Experimental versions included the BR.20C, a gunship with a 37 mm cannon in the nose and another aircraft was modified with a tricycle undercarriage. Another was modified to guide radio-commanded unmanned aircraft filled with explosives, but this was never used in combat.

Including those sold to Japan, at least 233 standard BR.20s were made, along with 264–279 BR.20Ms being built from February 1940.


;BR.20:Initial production model, 233 built. ;BR.20A:De-militarised conversion of two BR.20s for air racing.;BR.20L:Long ranged civil version, one built.;BR.20M:Improved bomber version with lengthened nose, 264 produced. ;BR.20C:Single aircraft converted by Agusta fitted with 37 mm cannon in revised nose.;BR.20bis:Major re-design with more powerful engines (two Fiat A.82 RC.42 rated at 1,250 hp each), increased dimensions and new, fully glazed nose.


;flagicon|Italy|1861-state Italy
*"Regia Aeronautica"
*Italian Co-Belligerent Air Force
*"Aeronautica Nazionale Repubblicana";flagicon|Japan Japan
*Imperial Japanese Army Air Service;flagicon|Spain|1939 Spanish State
*"Ejército del Aire (EdA)";flag|Croatia|1941
*Air Force of the Independent State of Croatia;VEN
*A single BR.20 was sold to Venezuela. Donald 1997, p. 407-408.] This was delivered in 1938 and continued in service until 1942 when an engine failure and a lack of spare parts forced its retirement. It was finally scrapped in 1946. [ [ Fiat BR.20] (in Spanish) Access date: 8 December 2007]

Specifications (Fiat Br.20M)

aircraft specifications

plane or copter?=plane
jet or prop?=prop
ref=The Encyclopedia of Weapons of World War IIBishop, Chris, ed. "The Encyclopedia of Weapons of World War II". New York: Barnes & Noble, 1998. ISBN 0-7607-1022-8.]

length main=16.68 m
length alt=54 ft 8 in
span main=21.56 m
span alt=70 ft 8.75 in
height main=4.75 m
height alt=15 ft 7 in
area main=74.0 m²
area alt=796.5 ft²
empty weight main=6,500 kg
empty weight alt=14,330 lb
loaded weight main=
loaded weight alt=
max takeoff weight main=10,100 kg
max takeoff weight alt=22,270 lb
engine (prop)=Fiat A.80 RC.41
type of prop=18-cylinder radial engine
number of props=2
power main=746 kW
power alt=1,000 hp

max speed main=440 km/h
max speed alt=273 mph
cruise speed main=340 km/h
cruise speed alt=211 mph
range main=2750 km
range alt=1,709 miles
ceiling main=8,000 m
ceiling alt=26,250 ft
climb rate main= m/min
climb rate alt= ft/min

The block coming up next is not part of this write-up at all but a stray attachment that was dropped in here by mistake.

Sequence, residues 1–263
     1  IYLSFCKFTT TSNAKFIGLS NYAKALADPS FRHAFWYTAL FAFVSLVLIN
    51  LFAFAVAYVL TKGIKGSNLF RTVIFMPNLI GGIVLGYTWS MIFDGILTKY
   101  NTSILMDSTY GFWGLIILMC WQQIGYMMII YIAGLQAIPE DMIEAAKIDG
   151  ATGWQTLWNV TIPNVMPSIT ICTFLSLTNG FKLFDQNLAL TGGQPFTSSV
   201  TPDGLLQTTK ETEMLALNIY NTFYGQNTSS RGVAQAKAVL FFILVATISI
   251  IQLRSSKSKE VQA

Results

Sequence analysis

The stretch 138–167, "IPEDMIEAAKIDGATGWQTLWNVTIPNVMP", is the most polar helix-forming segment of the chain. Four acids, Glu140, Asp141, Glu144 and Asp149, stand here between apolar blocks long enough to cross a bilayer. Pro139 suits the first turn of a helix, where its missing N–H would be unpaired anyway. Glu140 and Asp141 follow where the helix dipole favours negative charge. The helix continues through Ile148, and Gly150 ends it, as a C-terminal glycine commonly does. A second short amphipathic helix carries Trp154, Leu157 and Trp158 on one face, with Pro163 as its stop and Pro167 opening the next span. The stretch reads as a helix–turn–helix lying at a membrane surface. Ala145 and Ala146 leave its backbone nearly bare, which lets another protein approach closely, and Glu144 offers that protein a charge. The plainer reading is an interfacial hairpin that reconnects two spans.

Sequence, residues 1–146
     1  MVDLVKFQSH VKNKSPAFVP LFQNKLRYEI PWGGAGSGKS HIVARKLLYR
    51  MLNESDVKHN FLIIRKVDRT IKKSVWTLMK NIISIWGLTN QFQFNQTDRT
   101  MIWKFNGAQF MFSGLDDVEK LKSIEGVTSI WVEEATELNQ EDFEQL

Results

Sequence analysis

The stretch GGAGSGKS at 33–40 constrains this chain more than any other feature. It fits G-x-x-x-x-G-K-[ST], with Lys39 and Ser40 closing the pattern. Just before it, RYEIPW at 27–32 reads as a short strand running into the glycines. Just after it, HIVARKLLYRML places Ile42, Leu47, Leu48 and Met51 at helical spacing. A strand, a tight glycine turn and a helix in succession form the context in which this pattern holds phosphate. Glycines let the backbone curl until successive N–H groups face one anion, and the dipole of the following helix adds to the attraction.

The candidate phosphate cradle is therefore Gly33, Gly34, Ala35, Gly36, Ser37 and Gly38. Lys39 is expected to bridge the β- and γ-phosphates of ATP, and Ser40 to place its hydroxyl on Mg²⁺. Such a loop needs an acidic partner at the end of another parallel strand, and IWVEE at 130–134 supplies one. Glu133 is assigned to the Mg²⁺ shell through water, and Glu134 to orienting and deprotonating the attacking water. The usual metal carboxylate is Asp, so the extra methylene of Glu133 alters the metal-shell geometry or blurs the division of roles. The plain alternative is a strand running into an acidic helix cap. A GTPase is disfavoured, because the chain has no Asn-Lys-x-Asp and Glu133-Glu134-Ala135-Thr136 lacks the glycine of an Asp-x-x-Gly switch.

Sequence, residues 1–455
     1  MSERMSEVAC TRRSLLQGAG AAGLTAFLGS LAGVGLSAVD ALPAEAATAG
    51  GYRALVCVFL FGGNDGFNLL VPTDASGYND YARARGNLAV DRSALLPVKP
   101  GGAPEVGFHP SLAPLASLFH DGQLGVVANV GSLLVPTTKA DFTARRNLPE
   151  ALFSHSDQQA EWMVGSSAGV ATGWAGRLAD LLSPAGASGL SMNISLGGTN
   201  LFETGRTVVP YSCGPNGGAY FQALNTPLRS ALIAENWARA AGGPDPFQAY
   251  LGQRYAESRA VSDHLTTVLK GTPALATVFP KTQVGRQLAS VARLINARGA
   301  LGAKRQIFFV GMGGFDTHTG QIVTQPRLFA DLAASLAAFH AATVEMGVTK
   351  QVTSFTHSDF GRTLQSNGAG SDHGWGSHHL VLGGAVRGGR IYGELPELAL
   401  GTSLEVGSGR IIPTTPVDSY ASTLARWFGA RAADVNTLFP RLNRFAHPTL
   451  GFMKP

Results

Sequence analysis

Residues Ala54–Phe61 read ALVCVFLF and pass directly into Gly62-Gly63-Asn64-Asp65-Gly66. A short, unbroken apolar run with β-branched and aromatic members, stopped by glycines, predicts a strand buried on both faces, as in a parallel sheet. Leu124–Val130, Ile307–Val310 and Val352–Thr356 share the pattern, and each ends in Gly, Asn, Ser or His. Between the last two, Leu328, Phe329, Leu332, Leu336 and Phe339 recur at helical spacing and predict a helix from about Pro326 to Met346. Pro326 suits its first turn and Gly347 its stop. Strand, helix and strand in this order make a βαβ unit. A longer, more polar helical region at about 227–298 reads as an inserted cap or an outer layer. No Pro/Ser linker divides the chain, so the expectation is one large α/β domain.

loading main= kg/m²
loading alt= lb/ft²
power/mass main=kW/kg
power/mass alt= hp/lb

*3× 12.7 mm Breda-SAFAT machine guns
*1600 kg (3,528 lb) of bombs




* Donald, David, ed. "The Encyclopedia of World Aircraft". Aerospace Publishing. 1997. ISBN 1-85605-375-X.
* Green, William and Swanborough, Gordon, eds. "Fiat BR.20... Stork à la mode". "Air International" Volume 22, No. 6, June 1982, p. 290-294, 307-312. ISSN 0306-5634.
* "Il CAI sul Mare del Nord" (in Italian). "RID magazine" October 1990.
* Lembo, Daniele. "Fiat BR.20 una Cicogna per la Regia" (in Italian). "Aerei nella Storia" n. 29, April-May 2003, West-ward edictions.
* Massiniello, Giorgio. "Bombe sull Inghilterra" (in Italian). "Storia Militare" magazine n.1/2005.
* Mondey, David. "The Hamlyn Concise Guide to Axis Aircraft of World War II". London: Bounty Books, 2006. ISBN 0-753714-60-4.
* Sgarlato, Nico. "Il Disastro del CAI" (in Italian). "Aerei nella Storia" magazine, June 2007.
* Taylor, M.J.H. (ed). "Jane's Encyclopedia of Aviation". London: Jane's, 1980. ISBN 1-85170-324-1.

External links

* [ Spanish Civil War photo showing an early model BR.20]
* [ BR.20 on Avions legendaires, French language]
* [ Warbirds on Fiat BR.20]
* [ Commando Supremo on BR.20]
* [ Br.20 in Spain (Spanish language)]

ee also

similar aircraft=
see also=

Wikimedia Foundation. 2010.

Игры ⚽ Поможем написать реферат

Look at other dictionaries:

  • FIAT — Pour les articles homonymes, voir Fiat (homonymie). Logo de Fiat Créati …   Wikipédia en Français

  • Fiat V.I. — Fiat Veicoli Industriali Création 1929 Dates clés 1975 devient IVECO Personnages clés Gianni Agnelli …   Wikipédia en Français

  • Fiat — Automobiles S.p.A. Lema You are, We car Tipo Filial de Fiat Group Automobiles …   Wikipedia Español

  • Fiat — S. p. A. Rechtsform Società per Azioni ISIN IT0001976403 Gründung 1899 …   Deutsch Wikipedia

  • Fiat 15 — Constructeur Fiat V.I. Années de production 1911 1922 Classe Camion léger …   Wikipédia en Français

  • Fiat 18 — Constructeur Fiat V.I. Années de production 1911 1920 Production > 20.00 …   Wikipédia en Français

  • Fiat — Group Тип Публичная компания …   Википедия

  • Fiat S.p.A. — Fiat S.p.A. Tipo Sociedad Anónima NASDAQ: FIATY …   Wikipedia Español

  • Fiat A.10 — Constructeur Fiat Aviazione  Italie Premier vol 1914 Utilisation Caproni Ca.2 Caproni Ca.32 Caproni Ca.33 Farman MF.11 …   Wikipédia en Français

  • Fiat C.R.32 — Fiat CR.32 Fiat CR.32 …   Wikipédia en Français

  • Fiat C.R.42 — Fiat CR.42 Falco FIAT CR.42 Falco …   Wikipédia en Français

Share the article and excerpts

Direct link
Do a right-click on the link above
and select “Copy Link”